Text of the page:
break my heart for what breaks yours

confession – i live for sunday mornings. i can’t wait for them. i love hearing how a person walked out of a worship service different than they came in—with a new thought, a new direction, or a new perspective. i love the music, the stories, conversations, the moments that happen during a service that our team plans for. i love even more the moments that we don’t plan for. i stay awake at night thinking about these moments. i spend my days digging up the right songs placed in the most powerful settings to rip people from their expectations of what they came to do that morning. i repeatedly think that churches and church-folk could never overestimate the importance of sunday morning.

and then anne reminded me of this scripture, from the book of amos in the old testament (God speaking to people a long long time ago).

“I despise your religious feasts; I cannot stand your assemblies. Even though you bring me burnt offerings and grain offerings, I will not accept them. Though you bring choice fellowship offerings, I will have no regard for them.”

gulp. understand this, the old testament folks knew how to gather and worship, they wrote the book on it (that really wasn’t supposed to sound as hokey as it came out). and yet God called them out on it b/c they were missing something. so amos is another reminder for me that our modern-day church services can become “choice fellowship offerings” — full of incredible music, awesome media, ridonkulous teaching, lots of people, great moments — and yet they can risk missing a bigger sense of worship. what this means is that worship goes beyond sunday mornings. our weekly church gatherings are still a severely important part of worship, but God does not take ceremonial worship lightly. when the following is absent from our lives, then sunday risks being routine and meaningless:

“He has told you, O man, what is good; and what does the Lord require of you but to do justice, to love kindness, and to walk humbly with your God” (micah 6:8 )

Isaiah says it like this:

“learn to do right! Seek justice, encourage the oppressed. Defend the cause of the fatherless, plead the case of the widow.” (1:17)

it’s not an either/or. it’s a both/and. the prophets called out the people of Israel on it. Jesus called out the pharisees for it. a couple worship songs have been written about it (speaking of, if we had to come back to the heart of worship as frequently as we sang that song circa 2002, we might not have understood either worship or that song). jon sings about it too. i confess that i need to be called out on it at times by worshipping worship. this line from a song flew over me the first time we sang it. but then last weekend it stopped me: “break my heart for what break yours.”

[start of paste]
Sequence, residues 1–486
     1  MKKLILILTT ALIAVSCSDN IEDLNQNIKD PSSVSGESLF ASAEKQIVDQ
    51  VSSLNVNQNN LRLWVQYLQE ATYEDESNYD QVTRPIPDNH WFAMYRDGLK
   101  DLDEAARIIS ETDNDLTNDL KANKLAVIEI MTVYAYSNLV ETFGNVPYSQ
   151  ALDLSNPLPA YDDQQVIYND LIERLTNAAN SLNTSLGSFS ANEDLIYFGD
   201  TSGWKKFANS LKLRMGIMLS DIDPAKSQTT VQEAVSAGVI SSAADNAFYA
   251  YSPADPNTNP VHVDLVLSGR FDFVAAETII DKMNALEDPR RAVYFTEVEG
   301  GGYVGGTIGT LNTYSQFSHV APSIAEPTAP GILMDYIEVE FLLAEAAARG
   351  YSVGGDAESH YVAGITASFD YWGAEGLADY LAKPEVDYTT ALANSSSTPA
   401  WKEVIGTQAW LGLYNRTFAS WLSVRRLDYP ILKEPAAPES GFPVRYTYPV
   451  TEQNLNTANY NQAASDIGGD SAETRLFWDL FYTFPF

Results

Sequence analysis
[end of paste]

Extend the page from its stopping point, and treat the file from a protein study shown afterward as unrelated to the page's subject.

as a worship leader, i want people to engage with the heart of God during our services. i think that’s our goal and i believe it’s possible. but that’s a collision whose impact should extend beyond the limits of a church service. “break my heart for what breaks yours.”

what about you? what is sunday morning for?


~ by bradherndon on April 11, 2008.

One Response to “break my heart for what breaks yours”

  1. I couldn’t agree more about the effectiveness of a worship service being based largely on how close people are with the Lord before the step foot on campus; HOWEVER, the preparation, planning and execution is needed in order for God to touch those that are either ready before they come or open to Him during the service.

    I believe a Worship service can be a catalyst to a renewed closeness to the Lord and your passion for this result is what will continue to allow God’s favor to be expressed through you at FBC. I for one thank you for keeping that fervor up and allowing that passion to continue to be driven by your relationship with Him.

    You’re one of my favorite people to be around!!!

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